Visually, it is clear that there is quite a good relationship between the up and down fluctuations of temperature and both SOI and TSI, although the gradual upwards trend in temperature is also apparent. We can quantify this relationship statistically. I fitted a simple linear ANCOVA model with TA as the dependent variable and Time (each season since DJF of 1978-1979), SOI and TSI as continuous predictors and volcanic forcing as a categorical predictor (VOL; a value of 1 is assigned for the few seasons following the 1982 eruption of El Chichon and the 1991 eruption of Pinatubo). I’ve ignored other complicating matters such as tropospheric aerosols. Still, the model is structurally not too bad a fit (for those familiar with the method, the residual model diagnostics confirm a reasonable conformation with assumptions, and 67% of the deviance is explained by the four predictors).
These results are useful. They show a strong positive trend in temperature (+0.0054C per season [or about 0.216C per decade]), a forcing of about +0.4C for a strong El Niño, +0.24C for the peak of solar forcing, and -0.27C for a volcanic event. With this model-based information, we can make two visual additions to the temperature plot. They are show in Fig. 2. First, the original temperature data is plotted in green. In blue is the season temperature as predicted by the ANCOVA model, based on historical forcings. The dashed trendline is the warming trend expected if all other forcings (SOI, TSI and VOL) are held at their 30-year average values.
Of relevance to the title of this post, these correlations can be used to work out (crudely!) what temperatures we might have expected over the last five years based on three different scenarios. First, if SOI, TSI and VOL were all held at their 30-year average, what would the global temperatures have been in 2004, 2005, 2006, 2007 and 2007? (AvF) Also, what if they all been at their minimum (MinF) or maximum (MaxF) 30-year values? These scenario results, along with the composite observed temperature anomalies, is shown in the table below. The last three columns represent deviations from the observed values (so, for example, in 2006 the observed anomaly was +0.69C but if all forcings had been at their 30-year average [AvF] it would have been +0.03C hotter than this, or +0.72C).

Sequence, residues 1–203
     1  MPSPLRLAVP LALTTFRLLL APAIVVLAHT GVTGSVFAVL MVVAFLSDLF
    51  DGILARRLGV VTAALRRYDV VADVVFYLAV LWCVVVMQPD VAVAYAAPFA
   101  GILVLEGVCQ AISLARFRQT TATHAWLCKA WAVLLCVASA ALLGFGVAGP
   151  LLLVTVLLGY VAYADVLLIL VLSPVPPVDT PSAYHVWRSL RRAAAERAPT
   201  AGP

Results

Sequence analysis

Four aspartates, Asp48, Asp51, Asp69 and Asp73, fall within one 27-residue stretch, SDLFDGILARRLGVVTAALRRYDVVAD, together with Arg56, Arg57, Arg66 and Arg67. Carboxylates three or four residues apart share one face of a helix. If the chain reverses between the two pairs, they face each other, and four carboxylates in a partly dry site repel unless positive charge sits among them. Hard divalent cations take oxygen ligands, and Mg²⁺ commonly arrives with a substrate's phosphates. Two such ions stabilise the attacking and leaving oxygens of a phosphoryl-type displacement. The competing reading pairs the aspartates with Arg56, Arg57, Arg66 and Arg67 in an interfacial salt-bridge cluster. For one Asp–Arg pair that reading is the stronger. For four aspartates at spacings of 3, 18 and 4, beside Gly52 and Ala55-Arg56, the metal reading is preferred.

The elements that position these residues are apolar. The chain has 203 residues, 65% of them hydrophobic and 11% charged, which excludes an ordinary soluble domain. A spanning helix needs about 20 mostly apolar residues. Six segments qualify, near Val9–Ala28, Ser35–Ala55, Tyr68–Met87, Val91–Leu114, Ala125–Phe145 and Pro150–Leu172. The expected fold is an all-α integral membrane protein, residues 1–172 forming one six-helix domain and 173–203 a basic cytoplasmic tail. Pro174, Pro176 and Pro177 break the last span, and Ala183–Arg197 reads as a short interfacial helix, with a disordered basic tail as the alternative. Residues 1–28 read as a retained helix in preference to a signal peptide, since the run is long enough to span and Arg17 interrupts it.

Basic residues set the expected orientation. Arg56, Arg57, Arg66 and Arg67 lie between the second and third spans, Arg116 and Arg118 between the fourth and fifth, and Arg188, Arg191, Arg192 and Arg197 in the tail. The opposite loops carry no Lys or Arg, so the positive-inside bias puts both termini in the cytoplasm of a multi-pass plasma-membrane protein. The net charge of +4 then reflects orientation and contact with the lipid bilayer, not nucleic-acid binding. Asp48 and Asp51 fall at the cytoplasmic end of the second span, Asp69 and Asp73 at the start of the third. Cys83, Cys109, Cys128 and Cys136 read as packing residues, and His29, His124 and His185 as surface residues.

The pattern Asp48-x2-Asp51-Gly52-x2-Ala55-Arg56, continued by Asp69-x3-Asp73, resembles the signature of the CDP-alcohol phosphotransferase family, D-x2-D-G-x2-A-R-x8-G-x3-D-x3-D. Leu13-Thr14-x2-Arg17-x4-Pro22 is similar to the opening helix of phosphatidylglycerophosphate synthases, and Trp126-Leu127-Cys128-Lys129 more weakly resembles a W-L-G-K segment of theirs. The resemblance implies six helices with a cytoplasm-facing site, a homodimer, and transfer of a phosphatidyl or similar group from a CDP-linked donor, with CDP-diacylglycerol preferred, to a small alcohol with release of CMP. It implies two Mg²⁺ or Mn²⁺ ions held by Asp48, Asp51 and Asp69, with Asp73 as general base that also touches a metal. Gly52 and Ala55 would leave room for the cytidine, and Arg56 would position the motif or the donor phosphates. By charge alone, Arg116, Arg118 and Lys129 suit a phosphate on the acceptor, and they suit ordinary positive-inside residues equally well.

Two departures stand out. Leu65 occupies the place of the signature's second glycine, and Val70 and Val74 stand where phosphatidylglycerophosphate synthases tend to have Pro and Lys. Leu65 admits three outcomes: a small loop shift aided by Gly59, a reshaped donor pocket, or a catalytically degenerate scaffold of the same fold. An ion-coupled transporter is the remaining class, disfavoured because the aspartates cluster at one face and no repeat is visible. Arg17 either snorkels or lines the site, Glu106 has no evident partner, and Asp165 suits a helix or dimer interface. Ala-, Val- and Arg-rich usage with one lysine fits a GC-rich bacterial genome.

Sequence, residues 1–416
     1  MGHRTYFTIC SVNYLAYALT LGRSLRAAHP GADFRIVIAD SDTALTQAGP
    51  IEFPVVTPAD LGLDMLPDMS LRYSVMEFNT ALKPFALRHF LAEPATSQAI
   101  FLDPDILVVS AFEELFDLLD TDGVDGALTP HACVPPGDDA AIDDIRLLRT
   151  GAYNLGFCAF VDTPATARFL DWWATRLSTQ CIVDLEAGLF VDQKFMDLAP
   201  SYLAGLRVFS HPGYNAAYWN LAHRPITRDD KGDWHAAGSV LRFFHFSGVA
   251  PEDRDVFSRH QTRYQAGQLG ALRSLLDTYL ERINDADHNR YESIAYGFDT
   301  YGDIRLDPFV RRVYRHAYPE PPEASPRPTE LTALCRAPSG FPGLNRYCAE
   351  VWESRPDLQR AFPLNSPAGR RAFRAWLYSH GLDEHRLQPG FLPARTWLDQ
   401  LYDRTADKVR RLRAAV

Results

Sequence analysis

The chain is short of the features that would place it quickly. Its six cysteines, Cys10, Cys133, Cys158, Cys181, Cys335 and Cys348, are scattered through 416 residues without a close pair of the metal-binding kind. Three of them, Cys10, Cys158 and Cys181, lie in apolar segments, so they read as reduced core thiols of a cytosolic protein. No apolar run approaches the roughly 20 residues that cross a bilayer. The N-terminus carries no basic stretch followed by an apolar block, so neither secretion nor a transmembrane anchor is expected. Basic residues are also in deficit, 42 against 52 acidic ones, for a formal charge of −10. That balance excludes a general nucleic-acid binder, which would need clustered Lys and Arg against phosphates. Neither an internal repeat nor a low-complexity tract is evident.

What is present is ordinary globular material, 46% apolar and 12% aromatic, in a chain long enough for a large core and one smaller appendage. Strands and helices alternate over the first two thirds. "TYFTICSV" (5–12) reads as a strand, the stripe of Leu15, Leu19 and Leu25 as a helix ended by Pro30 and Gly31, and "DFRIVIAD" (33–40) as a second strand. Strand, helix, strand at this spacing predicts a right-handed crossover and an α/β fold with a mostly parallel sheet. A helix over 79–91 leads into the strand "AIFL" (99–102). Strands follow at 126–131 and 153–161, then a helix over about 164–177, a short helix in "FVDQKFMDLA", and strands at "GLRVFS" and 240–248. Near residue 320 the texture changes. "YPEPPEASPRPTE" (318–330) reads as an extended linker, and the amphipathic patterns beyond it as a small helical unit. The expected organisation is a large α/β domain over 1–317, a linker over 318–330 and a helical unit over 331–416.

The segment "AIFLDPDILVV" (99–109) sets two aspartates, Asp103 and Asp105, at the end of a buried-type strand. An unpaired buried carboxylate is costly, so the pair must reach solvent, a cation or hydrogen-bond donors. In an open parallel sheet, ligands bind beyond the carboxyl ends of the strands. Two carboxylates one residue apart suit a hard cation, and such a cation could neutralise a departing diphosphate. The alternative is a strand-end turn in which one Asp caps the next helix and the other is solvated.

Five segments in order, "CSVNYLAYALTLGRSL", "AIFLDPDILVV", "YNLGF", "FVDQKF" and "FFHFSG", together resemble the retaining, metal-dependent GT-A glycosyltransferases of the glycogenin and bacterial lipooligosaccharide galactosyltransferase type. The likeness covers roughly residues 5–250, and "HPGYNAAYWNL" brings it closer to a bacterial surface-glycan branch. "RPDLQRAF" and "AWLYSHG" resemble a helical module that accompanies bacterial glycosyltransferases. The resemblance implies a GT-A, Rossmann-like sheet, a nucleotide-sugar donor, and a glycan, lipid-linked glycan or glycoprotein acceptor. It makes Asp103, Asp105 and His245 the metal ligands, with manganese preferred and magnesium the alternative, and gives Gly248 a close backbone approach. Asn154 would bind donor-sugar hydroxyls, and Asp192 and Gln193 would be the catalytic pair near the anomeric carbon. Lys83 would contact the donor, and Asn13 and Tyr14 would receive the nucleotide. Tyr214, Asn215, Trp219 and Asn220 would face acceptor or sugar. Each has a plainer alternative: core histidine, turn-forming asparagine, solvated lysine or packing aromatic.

These numbers indicate that 2004 and 2007 were right on the average forcing expectation . 2005 was slightly hotter than we’d have expected (it was an moderate El Niño year and near the top of the solar cycle) and almost spot on the MaxF prediction. Conversely 2008 was quite a bit cooler and close to the MinF expectation. Why? It was a La Nina year and the sun had bottomed out in its irradiance/sunspot cycle. If 2008 had been an average year, we should have expected it to be 0.25C hotter, at around +0.75C anomaly.
To cap of this little venture into what-if land, I’ll have a bit of fun and predict what we might expect for 2009. My guess is that the SOI will be neutral (neither El Niño or La Niña), the solar cycle 24 will be at about 20% of its expected 2013 peak), and there will be no large volcanic eruptions. On this basis, 2009 should be about +0.75, or between the 3rd and 5th hottest on record. Should we get a moderate El Niño (not probable, based on current SOI) it could be as high as +0.85C and could then become the hottest on record. I think that’s less likely.
By 2013, however, we’ll be at the top of the solar cycle again, and have added about another +0.1C worth of greenhouse gas temperature forcing and +0.24 of solar forcing compared to 2008. So even if 2013 is a La Niña year, it might still be +0.85C, making it hotter than any year we’ve yet experienced. If it’s a strong El Niño in 2013, it could be +1.2C, putting it way out ahead of 1998 on any metric. Such is the difference between the short-term effect of non-trending forcings (SOI and TSI) and that inexorable warming push the climate system is getting from ongoing accumulation of heat-trapping greenhouse gases.